With the ink barely dry on Connecticut’s new gun law, several gun rights groups have announced plans explore legal challenges to the new restrictions.
Flanked by families of some of those murdered at a Newtown elementary school in December, Gov. Dannel P. Malloy signed into law the state’s bipartisan gun violence prevention legislation at a ceremony Thursday afternoon in the state Capitol.
The bill, which the General Assembly passed early Thursday morning after more than 13 hours of debate, expands the number of firearms prohibited in Connecticut, bans the sale of ammunition magazines that carry more than 10 rounds, and imposes new eligibility requirements for the purchases of all guns and ammunition. It also creates the first statewide gun offender registry.
“We can never undo the senseless tragedy that took place on Dec. 14 or those tragedies that play themselves out on a daily basis in our cities, but we can take action here in Connecticut and we can make Connecticut towns and cities safer. And this bill does that,” Malloy said.
Second Amendment advocates lobbied heavily against the bill throughout its legislative process. When Malloy signed it into law, several groups released statements announcing their intention to challenge the new law on constitutional grounds.
Scott Wilson, president of the Connecticut Citizens Defense League, announced his group’s plans to hold a rally at the state Capitol on April 20 to “regroup and renew efforts to challenge this new law.”
“The Connecticut Citizens Defense League stand united with the gun owners of our state, and pledge our resolve to correct this legislative travesty through litigation, or any legal avenue available,” Wilson said.
The National Shooting Sports Foundation, a gun industry trade association based in Newtown, issued a statement alleging there would be unintended consequences to the bill and questioning the state’s public policy.
“We will be carefully studying all provisions of the law for possible challenge in the courts,” the group said.
Attorney General George Jepsen, who as a lawmaker helped pass the state’s 1993 assault weapons ban, said he did not think legal challenges to the law would be successful.
“It is my belief that this important legislation will withstand a court challenge, and my office is prepared to vigorously defend the law, should any court action be filed challenging its constitutionality,” he said.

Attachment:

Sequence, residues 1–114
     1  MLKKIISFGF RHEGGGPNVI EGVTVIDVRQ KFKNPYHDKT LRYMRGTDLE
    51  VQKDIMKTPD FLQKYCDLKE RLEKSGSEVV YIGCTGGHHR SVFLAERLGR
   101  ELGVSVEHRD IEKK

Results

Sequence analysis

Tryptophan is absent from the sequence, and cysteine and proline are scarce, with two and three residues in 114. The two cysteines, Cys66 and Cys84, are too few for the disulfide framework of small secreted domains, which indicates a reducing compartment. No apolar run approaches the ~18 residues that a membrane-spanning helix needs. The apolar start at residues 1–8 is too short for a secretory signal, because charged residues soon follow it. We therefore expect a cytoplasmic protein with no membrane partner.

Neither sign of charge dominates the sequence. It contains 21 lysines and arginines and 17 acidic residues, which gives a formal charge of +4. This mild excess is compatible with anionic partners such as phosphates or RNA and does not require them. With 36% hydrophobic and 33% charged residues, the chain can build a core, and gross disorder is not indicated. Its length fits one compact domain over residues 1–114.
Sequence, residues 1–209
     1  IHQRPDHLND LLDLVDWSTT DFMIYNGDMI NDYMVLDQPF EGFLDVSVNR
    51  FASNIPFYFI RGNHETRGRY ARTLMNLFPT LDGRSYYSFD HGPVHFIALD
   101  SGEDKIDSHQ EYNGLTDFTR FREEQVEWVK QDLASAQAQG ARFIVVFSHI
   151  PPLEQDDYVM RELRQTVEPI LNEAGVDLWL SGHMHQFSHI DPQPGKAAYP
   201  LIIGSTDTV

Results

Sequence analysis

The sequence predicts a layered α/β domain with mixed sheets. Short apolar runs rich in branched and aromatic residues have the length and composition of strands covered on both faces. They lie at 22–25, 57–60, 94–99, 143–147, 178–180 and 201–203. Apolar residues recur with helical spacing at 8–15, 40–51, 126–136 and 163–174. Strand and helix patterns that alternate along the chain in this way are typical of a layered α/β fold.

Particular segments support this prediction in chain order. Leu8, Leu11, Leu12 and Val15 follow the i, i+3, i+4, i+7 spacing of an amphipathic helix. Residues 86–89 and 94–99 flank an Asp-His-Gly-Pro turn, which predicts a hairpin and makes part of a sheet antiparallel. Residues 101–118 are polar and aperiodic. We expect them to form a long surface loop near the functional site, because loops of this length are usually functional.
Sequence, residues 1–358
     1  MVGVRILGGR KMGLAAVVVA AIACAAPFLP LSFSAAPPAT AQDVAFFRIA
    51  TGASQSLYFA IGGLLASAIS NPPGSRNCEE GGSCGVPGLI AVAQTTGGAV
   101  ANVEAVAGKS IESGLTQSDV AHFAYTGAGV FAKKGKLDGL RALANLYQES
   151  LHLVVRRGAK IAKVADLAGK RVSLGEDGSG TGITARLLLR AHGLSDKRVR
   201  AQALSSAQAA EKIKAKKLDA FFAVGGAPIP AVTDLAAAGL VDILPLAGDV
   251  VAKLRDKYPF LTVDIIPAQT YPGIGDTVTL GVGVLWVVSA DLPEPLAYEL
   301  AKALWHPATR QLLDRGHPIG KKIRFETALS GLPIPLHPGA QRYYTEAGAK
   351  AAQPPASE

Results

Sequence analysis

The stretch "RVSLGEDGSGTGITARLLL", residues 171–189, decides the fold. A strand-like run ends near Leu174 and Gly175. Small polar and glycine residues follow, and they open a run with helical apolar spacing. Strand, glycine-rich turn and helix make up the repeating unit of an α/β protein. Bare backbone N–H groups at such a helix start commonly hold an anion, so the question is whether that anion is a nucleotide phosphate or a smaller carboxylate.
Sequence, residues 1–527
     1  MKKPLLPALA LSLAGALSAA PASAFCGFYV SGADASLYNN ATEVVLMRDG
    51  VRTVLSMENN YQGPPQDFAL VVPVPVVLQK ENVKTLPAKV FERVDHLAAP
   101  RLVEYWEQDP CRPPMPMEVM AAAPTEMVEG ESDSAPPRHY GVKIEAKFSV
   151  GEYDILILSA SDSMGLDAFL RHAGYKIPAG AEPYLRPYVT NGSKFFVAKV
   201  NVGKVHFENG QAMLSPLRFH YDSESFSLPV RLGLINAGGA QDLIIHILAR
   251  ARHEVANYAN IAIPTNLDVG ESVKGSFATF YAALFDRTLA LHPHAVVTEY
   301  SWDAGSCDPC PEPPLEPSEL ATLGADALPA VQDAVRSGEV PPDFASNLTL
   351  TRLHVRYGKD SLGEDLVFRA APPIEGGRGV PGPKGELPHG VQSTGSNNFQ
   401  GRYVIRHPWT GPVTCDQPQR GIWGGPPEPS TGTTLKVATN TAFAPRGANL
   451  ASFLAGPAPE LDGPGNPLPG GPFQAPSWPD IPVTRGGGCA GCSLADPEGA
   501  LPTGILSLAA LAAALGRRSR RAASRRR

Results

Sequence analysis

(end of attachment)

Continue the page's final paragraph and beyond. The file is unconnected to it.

George Mocsary, a visiting law professor at the University of Connecticut and co-author of Firearms Law & the Second Amendment, said some provisions of the bill “clearly don’t pass [constitutional] muster.”
Mocsary pointed to the provision involving the state’s assault weapons ban, which he said would not pass even the lowest level of constitutional scrutiny.
The state’s existing assault weapons ban specifically prohibited 66 weapons and banned any others that failed a “physical characteristics test.” Under the old law, that test outlawed any weapon with two or more “military-style features.” Those features could include things like a pistol grip on a semi automatic rifle, a flash suppressor, or a telescoping stock.
The new law adds about 100 guns to the specifically-banned list of 66 and amends the “physical characteristic test” so a gun with just one military-style feature would be considered an assault weapon. The expanded definition of assault weapon includes the AR-15 style weapon Adam Lanza, the gunman in Newtown, used to murder 26 people.
Mocsary said the constitutional scrutiny the U.S. Supreme Court has applied to gun control cases have required that governments have at least a rational reason for imposing new firearm restrictions. He said Connecticut’s classification of some weapons as assault rifles—both under existing law and the new law—would fail constitutional muster because they are arbitrary in that they are based on cosmetic appearance.
He used the pistol grip feature as an example of a cosmetic feature:
“It doesn’t affect the functionality. They are no more or less deadly because of a pistol grip,” he said. “There isn’t even a rational basis for banning these weapons. Some people might say because they look scary, but is that how we do things in America?”
Michael Lawlor, Malloy’s undersecretary for criminal justice policy, defended the new law, saying the broadened definition of assault weapons was not arbitrary.
“There’s something unique about these weapons. They’re lightweight, designed for military purposes, and can fire a lot of bullets very quickly,” he said.
Lawlor said in the years since the federal assault weapons ban expired, AR-15 style weapons have become popular and mass shootings have increased at about the same rate as their circulation.
“The Adam Lanzas of the world pick this weapon,” he said.
Lawlor predicted that challenges to the law would fail. He said Connecticut’s Supreme Court upheld its existing assault weapons ban in a unanimous decision in 1995.
Mocsary said lower courts have been reluctant to strike down firearm regulations. He said that is partly because plaintiffs in legal challenges to gun laws are often criminals. Another factor has been regional differences in federal circuit courts.
Connecticut is part of the Second Circuit Court of Appeals, which also includes New York and Vermont. Mocsary said judges in the Northeast are less likely to declare gun regulations unconstitutional than their counterparts in other regions.
“Given that Connecticut is in the Second Circuit, I think it’s far less likely the law would be struck down at that level,” he said.